Learning to Lead

March 2, 2021 (ARDEN HILLS, Minnesota) — The strength of any force is due in part to the strength of its leadership. In the Minnesota National Guard, a growing population of its force and leadership are women. While some serve full-time as service members, some juggle their responsibilities as non-commissioned officers (NCOs) and officers with very different civilian careers.

Staff Sgt. Natalie Melcher does just that.

“When I work as a nurse, I’m not in a management position. I’m in charge of myself, my patients and that’s it,” Melcher explains. “I have to completely switch gears when I come here because I have people underneath me.”

In her role with the 34th Red Bull Infantry Division, Melcher acts as an Air Defense Battle Management System Operator and has 10 junior enlisted Soldiers who she is responsible for.

When she is not conducting military operations, she works overnights as a nurse in the emergency room of Methodist Hospital in St. Louis Park.

Melcher began her career in the Minnesota National Guard when she enlisted at age 17. She went to basic training between her junior and senior years, then went on to her four-month-long advanced individual training after graduating high school. She decided to get a two-year degree in nursing and is currently going to school through Mankato State University to complete a four-year nursing degree.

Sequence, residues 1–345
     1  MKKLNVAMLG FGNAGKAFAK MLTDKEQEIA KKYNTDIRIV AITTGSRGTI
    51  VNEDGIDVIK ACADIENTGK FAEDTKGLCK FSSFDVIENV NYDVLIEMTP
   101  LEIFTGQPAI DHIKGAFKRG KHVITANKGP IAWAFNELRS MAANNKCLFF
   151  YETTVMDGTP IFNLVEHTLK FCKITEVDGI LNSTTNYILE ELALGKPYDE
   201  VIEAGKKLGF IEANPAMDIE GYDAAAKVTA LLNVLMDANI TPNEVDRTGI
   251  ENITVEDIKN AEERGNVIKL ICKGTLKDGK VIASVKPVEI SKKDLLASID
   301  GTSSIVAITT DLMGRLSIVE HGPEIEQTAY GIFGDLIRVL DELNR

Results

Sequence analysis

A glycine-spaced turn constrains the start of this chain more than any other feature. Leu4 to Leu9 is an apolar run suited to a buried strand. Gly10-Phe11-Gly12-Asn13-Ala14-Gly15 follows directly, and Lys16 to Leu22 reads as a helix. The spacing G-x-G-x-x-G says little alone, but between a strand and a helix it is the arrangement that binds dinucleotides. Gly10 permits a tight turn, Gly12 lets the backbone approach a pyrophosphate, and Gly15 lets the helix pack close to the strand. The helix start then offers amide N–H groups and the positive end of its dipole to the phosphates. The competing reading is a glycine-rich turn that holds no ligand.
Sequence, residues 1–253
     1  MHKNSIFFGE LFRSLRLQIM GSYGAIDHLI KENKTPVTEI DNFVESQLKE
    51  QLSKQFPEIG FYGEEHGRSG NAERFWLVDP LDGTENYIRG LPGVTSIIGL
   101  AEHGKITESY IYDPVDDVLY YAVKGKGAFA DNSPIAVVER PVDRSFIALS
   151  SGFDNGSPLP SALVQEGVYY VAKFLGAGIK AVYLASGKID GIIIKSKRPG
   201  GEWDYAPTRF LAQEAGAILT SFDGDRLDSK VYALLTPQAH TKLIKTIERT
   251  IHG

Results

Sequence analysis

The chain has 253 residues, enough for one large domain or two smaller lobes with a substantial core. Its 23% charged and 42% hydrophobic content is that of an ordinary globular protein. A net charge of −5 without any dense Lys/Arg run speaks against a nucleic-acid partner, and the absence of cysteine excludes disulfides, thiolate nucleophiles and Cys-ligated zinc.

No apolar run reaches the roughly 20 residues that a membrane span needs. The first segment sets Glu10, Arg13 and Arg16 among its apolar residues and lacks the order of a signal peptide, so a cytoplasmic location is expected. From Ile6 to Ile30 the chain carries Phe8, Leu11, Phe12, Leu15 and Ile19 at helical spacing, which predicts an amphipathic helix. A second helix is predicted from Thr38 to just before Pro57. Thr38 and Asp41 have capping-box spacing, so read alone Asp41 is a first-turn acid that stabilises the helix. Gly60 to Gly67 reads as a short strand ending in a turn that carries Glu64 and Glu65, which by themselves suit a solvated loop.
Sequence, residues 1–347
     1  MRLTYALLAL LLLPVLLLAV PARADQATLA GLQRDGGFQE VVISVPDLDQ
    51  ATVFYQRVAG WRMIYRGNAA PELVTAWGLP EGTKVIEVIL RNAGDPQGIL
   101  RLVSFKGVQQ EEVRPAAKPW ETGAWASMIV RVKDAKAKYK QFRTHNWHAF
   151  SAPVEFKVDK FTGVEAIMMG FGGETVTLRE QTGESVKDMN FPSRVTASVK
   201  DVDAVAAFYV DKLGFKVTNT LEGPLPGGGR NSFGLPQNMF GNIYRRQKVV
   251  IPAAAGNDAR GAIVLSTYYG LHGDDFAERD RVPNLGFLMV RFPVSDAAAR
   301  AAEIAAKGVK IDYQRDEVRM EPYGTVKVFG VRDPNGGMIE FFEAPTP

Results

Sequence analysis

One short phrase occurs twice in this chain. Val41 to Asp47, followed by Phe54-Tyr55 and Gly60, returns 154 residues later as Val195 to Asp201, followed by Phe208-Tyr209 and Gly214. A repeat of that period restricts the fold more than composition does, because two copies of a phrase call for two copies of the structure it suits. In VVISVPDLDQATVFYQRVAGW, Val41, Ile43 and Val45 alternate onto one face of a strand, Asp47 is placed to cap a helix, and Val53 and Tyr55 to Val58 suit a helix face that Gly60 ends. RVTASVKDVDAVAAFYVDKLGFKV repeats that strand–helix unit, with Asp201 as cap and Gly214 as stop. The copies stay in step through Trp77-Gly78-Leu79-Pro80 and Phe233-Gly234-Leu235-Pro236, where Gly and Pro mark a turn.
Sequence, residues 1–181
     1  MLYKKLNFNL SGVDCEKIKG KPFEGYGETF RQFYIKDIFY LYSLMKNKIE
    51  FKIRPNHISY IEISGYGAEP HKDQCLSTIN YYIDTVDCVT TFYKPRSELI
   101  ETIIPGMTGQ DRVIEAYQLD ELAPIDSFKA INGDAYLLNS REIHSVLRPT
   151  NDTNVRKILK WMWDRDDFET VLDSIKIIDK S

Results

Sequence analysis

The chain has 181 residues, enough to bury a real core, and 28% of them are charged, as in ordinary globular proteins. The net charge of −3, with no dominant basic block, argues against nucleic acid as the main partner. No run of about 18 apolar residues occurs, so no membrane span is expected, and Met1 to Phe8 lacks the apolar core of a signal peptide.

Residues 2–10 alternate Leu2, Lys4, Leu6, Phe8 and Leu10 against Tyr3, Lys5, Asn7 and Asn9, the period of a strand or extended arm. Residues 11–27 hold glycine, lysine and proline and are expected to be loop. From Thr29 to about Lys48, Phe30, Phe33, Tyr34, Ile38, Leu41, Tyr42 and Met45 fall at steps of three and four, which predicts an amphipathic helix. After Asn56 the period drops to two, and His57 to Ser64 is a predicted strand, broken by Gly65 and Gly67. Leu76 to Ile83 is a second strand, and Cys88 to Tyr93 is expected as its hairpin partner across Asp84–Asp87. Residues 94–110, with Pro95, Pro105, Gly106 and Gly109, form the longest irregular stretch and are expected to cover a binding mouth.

“I really like the leadership experience I’ve gotten through the Guard,” she shares. “Even with nursing and civilian stuff, I’m 100 percent more confident. I’m more assertive; being in this role has helped me with that. And with life; being more aware of who I am.”

At the 34th Infantry Division Headquarters and Headquarters Battalion, Melcher serves as a section leader and often finds herself to be the only female in the room during leaders’ meetings. At the age of 27, Melcher assesses that being a young woman in a leadership role has its challenges, though she has embraced them and grown more assertive in the face of difficulty.

“Things are definitely getting better, but things like that take time to change,” said Melcher. “It’s not going to change overnight. I like being a woman in my leadership role. I like being an example for other ladies and hopefully they can be NCOs one day, too.”

Story by Staff Sgt. Linsey Williams, 34th Red Bull Infantry Division public affairs